U.S.-Cuba Relations - What Does the Future Hold?
“A quien madruga, Dios lo ayuda.” -- The early bird catches the worm
Nearly six months ago, President Obama initiated a plan by which Cuba and the U.S. would restore diplomatic relations. In April, leaders of the two nations met face-to-face for the first time since the countries severed ties in 1961. For those who hope to find business opportunities in Cuba, the changes can’t come soon enough.
“The next and ultimately final step in allowing American business will be lifting the 53-year trade embargo, which would allow full and unfettered investment in Cuba,” said Christopher Peake of Peake Communication, a Chamber member who frequently travels to Cuba for business. “The president has relaxed restrictions on some imports, travel and telecommunications, so those three businesses are beginning to take shape.”
The island nation of 11 million has guaranteed access to health care, a higher literacy rate and a lower infant mortality rate than the U.S. Adjustments to the trade embargo have allowed more U.S. agriculture and medical supplies to flow into Cuba with hopes that increased relations could prove favorable for trade between the U.S. and other Latin American countries.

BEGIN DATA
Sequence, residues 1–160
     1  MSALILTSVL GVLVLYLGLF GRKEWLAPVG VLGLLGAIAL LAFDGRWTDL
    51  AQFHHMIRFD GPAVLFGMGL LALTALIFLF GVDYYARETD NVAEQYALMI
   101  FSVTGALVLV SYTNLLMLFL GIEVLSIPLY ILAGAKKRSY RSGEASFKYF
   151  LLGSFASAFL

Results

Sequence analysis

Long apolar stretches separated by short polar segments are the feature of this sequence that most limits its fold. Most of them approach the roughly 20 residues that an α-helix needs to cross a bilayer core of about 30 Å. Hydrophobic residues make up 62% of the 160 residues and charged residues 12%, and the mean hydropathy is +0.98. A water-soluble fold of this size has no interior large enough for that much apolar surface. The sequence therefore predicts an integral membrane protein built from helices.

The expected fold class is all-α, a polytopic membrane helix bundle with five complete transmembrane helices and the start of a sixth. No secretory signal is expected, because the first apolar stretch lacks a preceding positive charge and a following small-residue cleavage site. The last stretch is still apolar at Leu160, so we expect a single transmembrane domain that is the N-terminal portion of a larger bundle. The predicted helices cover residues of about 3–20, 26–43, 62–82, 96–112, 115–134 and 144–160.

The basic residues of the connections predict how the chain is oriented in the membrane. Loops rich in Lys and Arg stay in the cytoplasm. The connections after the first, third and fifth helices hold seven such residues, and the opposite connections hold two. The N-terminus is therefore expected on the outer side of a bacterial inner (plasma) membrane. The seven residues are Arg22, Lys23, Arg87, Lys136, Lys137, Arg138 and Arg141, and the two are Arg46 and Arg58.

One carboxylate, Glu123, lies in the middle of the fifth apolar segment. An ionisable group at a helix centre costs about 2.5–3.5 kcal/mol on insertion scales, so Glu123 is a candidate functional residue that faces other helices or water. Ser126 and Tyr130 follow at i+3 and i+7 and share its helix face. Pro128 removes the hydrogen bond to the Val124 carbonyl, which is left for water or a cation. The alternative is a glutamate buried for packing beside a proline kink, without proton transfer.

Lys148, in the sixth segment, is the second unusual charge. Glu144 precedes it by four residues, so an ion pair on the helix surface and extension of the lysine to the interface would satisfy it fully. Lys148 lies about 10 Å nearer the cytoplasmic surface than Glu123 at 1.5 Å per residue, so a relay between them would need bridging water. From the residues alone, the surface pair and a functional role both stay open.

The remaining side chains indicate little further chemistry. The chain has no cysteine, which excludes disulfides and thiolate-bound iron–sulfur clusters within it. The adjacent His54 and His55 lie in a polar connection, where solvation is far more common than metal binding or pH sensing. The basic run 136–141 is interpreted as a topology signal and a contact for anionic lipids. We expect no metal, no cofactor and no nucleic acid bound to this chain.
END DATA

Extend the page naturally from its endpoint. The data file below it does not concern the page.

Exporting primarily food and agriculture products, the U.S. is currently the fourth-largest exporter to Cuba. According to a study by the Peterson Institute for International Economics, if the embargo were lifted, merchandise exports to Cuba could reach $4.3 billion annually, up from zero today.
Even with major changes in policy, doing business in Cuba will not be without its challenges. Regulation and government control will still be part of the process. For some, those challenges may reap great rewards.
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